Man United's brand strength softens blow of slumpFILE - In this Friday July 5, 2013 file photo Manchester United's new manager David Moyes poses for pictures before a press conference at Old Trafford Stadium, Manchester, England. Manchester United says manager David Moyes has left the Premier League club after less than a year in charge, amid heavy speculation he was about to be fired. United released a brief statement in its website Tuesday, saying the club "would like to place on record its thanks for the hard work, honesty and integrity he brought to the role." (AP Photo/Jon Super, File)
LONDON (AP) -- Manchester United's owners will be relying on the strength of the club's brand to soften the impact of a sudden downturn on the field this season.
Few clubs have the money-making abilities of United, which has been setting revenue records even as the team endured poor performance under the brief managerial reign of David Moyes, whose departure was announced by the club Tuesday less than a season into a six-year contract.
For all United's success in accumulating dollars, euros and yen, handling the managerial succession after 26 years under Alex Ferguson has proved more challenging.
The Florida-based Glazer family, which bought the team nine years ago, has not shown publicly an emotional attachment to the 136-year-old club. The leveraged purchase left the club with hundreds of millions of dollars of debt.
''United probably peaked on the pitch in 2009, and since then we've been in a gradual decline, slowed only by the genius of Sir Alex Ferguson,'' said Duncan Drasdo, chief executive of the Manchester United Supporters' Trust. ''Despite some key successes in that time, if anything, the other elite European clubs have moved further ahead, while the domestic challenge has also become much stronger.''
Since 2005, more than $1.1 billion has been spent servicing the club's debt, which currently is about $600 million. Drasdo argues the club has ''limited funds available for investment in the playing squad.'' United has been generating record revenue, though, each quarter, with revenue set to exceed $700 million in the 2013-14 financial year.
United fans have cast envious eyes at Abu Dhabi-owned Manchester City and Qatar-backed French champion Paris Saint-Germain. Both clubs have been investing their owners' oil wealth during recent transfer windows.
Since 2012, when a 10 percent share of United was sold in an initial public offering, the rise and fall of the club's shares on the New York Stock Exchange has been watched along with the team's on-field results. Wall Street investors initially welcomed the dismissal of Moyes, with shares soaring by seven percent at one point after Tuesday's announcement and reaching their highest level since Ferguson's retirement.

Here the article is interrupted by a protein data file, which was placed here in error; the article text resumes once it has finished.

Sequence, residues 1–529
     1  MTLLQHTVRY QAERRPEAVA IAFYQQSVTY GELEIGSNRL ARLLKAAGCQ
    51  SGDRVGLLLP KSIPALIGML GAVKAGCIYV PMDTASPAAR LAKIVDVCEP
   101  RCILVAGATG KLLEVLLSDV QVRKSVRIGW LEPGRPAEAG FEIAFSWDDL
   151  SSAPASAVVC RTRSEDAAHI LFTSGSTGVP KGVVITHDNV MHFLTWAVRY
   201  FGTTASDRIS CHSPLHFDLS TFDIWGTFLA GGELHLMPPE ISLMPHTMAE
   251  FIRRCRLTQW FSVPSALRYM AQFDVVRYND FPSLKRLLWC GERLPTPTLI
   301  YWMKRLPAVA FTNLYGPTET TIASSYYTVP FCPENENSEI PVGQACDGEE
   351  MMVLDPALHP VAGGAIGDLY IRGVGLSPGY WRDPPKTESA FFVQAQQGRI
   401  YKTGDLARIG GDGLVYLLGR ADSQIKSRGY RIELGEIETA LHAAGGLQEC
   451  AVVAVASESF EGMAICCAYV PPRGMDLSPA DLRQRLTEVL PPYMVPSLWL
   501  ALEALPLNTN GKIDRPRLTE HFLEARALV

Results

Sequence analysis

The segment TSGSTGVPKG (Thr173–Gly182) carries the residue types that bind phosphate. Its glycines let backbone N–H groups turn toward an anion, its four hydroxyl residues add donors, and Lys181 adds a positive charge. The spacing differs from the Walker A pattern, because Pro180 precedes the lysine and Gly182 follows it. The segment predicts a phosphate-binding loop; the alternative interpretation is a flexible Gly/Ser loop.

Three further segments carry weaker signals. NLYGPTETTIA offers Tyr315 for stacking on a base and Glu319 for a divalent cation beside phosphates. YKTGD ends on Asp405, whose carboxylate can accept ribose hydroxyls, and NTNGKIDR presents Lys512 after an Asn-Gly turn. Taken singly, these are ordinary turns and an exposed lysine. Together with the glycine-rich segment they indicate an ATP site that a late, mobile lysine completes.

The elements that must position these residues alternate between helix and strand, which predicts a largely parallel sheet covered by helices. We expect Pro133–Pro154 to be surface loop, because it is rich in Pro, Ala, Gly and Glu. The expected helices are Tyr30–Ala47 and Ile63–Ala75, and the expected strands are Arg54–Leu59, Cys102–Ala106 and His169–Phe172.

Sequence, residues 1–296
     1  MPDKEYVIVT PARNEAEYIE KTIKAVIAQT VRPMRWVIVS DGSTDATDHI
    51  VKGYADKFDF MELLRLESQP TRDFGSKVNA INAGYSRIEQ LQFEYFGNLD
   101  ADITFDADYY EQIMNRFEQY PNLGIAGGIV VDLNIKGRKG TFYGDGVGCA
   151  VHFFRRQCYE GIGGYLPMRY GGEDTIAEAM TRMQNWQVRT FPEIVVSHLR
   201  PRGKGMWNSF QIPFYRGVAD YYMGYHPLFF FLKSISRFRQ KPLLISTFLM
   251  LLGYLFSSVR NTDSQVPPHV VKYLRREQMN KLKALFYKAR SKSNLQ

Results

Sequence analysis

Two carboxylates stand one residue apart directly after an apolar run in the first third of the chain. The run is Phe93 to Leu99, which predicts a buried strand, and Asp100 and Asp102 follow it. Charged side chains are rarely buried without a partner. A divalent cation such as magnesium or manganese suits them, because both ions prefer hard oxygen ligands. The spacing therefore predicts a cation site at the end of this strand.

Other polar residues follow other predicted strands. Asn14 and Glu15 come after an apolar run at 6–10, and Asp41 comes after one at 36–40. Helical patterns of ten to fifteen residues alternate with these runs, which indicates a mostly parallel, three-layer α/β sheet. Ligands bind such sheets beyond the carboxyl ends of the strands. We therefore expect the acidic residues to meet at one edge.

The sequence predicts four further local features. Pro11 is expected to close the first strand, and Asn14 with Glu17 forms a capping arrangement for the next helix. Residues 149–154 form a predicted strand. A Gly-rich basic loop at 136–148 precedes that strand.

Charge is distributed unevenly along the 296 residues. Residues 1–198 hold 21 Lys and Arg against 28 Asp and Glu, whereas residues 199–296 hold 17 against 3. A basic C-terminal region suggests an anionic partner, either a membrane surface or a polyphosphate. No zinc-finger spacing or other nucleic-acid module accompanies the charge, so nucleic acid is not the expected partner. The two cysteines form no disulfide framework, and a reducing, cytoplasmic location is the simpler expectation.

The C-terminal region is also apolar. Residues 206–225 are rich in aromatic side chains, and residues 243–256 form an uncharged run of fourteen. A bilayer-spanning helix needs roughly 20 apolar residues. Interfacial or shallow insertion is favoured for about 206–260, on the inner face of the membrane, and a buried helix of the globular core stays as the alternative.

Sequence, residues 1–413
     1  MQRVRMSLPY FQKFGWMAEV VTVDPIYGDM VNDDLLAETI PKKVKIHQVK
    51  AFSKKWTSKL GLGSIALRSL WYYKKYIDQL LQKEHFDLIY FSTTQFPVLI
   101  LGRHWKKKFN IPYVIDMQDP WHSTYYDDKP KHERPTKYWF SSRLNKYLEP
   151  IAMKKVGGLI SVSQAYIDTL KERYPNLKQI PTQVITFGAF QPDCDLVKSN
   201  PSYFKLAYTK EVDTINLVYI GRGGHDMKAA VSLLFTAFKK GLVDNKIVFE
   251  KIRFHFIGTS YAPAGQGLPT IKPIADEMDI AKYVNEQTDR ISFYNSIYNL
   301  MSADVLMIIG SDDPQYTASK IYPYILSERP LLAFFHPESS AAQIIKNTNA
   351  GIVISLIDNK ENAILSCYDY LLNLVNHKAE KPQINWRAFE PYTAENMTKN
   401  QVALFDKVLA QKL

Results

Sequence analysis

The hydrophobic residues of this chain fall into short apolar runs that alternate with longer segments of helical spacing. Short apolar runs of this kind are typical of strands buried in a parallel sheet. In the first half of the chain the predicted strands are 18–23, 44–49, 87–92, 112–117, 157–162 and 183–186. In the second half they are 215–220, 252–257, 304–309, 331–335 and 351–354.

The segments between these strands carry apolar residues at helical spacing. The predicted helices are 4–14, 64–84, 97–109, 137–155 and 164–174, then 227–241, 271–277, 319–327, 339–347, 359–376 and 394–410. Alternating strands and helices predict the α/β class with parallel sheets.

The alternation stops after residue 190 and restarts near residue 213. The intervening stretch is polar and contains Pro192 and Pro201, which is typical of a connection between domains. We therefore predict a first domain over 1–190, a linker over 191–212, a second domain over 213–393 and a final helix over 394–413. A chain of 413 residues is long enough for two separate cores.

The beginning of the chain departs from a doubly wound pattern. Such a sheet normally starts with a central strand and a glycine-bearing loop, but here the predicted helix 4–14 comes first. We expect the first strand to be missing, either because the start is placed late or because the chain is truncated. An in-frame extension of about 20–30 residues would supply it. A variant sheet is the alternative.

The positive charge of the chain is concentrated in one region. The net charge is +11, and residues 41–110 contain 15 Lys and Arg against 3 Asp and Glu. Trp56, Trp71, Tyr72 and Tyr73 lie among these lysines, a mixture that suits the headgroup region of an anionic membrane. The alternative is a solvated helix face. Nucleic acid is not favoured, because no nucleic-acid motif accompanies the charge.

Those gains were wiped out Wednesday, with shares dropping by almost five percent to $17.85, sending the club's value below $3 billion again to $2.9 billion.
''Following on as the successor to Sir Alex Ferguson was always going to prove a Herculean task ... with arguably deeper disappointment at stake should the trophy cabinet remain bare for a second season,'' said Andrew Wilkinson, chief market analyst at Connecticut-based Interactive Brokers.
United will be hoping the 659 million followers it claims to have worldwide are more loyal to the club than some investors.
Such a large fan base has helped United attract an enviable array of sponsors across the world with innovative country-specific deals masterminded some at the club's corporate headquarters in London. From curries in South Korea to potato chips in Malaysia to credit cards across the Middle East, companies have been willing to pay millions of pounds to use United's branding.
''They have been very innovative in the way they have carved up the rights,'' said Steve Martin, chief executive of agency M&C Saatchi Sport & Entertainment. ''They have broken the mold and everyone else is trying to copy them by opening up international markets.''
However, those companies were attracted by a club that has won 13 Premier League titles since 1993, not one that failed to finish among the Premier League's top four and secure a Champions League berth next season. Missing out on the Champions League will cost United more than $50 million in media revenue and gate receipts.
''Sponsors have bought into a brand and a club based on success, being at the top of the tree, which brings big exposure,'' Martin said. ''They will hope it's not diluted. Any sponsor now would be slightly apprehensive. ... The issue is not so much having to change manager. The issue will be if they don't play in the Champions League every year. That's where the sponsors get their value.''
They might also not want to be associated with a club where disenchanted fans are protesting against the owners. With three of the final four matches of the Premier League season at United's 76,000-capacity Old Trafford stadium, the Glazers might find a hostile atmosphere if they make a rare visit.
Rob Harris can be followed at www.twitter.com/RobHarris